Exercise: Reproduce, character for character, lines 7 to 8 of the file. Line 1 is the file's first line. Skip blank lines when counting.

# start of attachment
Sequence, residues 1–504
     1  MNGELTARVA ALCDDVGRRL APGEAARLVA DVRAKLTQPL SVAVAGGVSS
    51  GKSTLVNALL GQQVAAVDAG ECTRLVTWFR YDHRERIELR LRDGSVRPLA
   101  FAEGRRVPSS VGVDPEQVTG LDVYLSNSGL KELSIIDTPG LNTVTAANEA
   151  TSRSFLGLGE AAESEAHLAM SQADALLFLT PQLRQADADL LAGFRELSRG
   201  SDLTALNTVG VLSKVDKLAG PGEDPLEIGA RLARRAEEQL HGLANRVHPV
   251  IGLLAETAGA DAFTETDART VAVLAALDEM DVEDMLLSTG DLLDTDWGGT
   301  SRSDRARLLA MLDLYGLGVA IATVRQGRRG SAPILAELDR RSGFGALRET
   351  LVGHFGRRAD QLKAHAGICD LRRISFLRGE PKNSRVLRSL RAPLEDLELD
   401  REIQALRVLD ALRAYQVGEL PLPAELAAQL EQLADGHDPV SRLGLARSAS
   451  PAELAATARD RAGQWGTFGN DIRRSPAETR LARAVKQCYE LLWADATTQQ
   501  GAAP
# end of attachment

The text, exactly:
   251  IGLLAETAGA DAFTETDART VAVLAALDEM DVEDMLLSTG DLLDTDWGGT
   301  SRSDRARLLA MLDLYGLGVA IATVRQGRRG SAPILAELDR RSGFGALRET